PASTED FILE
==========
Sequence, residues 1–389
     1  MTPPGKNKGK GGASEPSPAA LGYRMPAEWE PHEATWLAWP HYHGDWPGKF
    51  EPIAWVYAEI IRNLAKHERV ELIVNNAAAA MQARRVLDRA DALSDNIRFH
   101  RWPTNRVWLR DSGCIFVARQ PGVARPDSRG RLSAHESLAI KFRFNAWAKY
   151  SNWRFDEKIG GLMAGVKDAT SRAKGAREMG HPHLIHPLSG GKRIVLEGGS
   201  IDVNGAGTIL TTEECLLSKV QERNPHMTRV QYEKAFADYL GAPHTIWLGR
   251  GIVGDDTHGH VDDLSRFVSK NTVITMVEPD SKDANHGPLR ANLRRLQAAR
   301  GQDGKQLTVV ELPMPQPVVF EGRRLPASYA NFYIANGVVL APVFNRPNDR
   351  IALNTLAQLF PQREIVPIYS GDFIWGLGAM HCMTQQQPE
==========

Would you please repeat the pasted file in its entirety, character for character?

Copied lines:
Sequence, residues 1–389
     1  MTPPGKNKGK GGASEPSPAA LGYRMPAEWE PHEATWLAWP HYHGDWPGKF
    51  EPIAWVYAEI IRNLAKHERV ELIVNNAAAA MQARRVLDRA DALSDNIRFH
   101  RWPTNRVWLR DSGCIFVARQ PGVARPDSRG RLSAHESLAI KFRFNAWAKY
   151  SNWRFDEKIG GLMAGVKDAT SRAKGAREMG HPHLIHPLSG GKRIVLEGGS
   201  IDVNGAGTIL TTEECLLSKV QERNPHMTRV QYEKAFADYL GAPHTIWLGR
   251  GIVGDDTHGH VDDLSRFVSK NTVITMVEPD SKDANHGPLR ANLRRLQAAR
   301  GQDGKQLTVV ELPMPQPVVF EGRRLPASYA NFYIANGVVL APVFNRPNDR
   351  IALNTLAQLF PQREIVPIYS GDFIWGLGAM HCMTQQQPE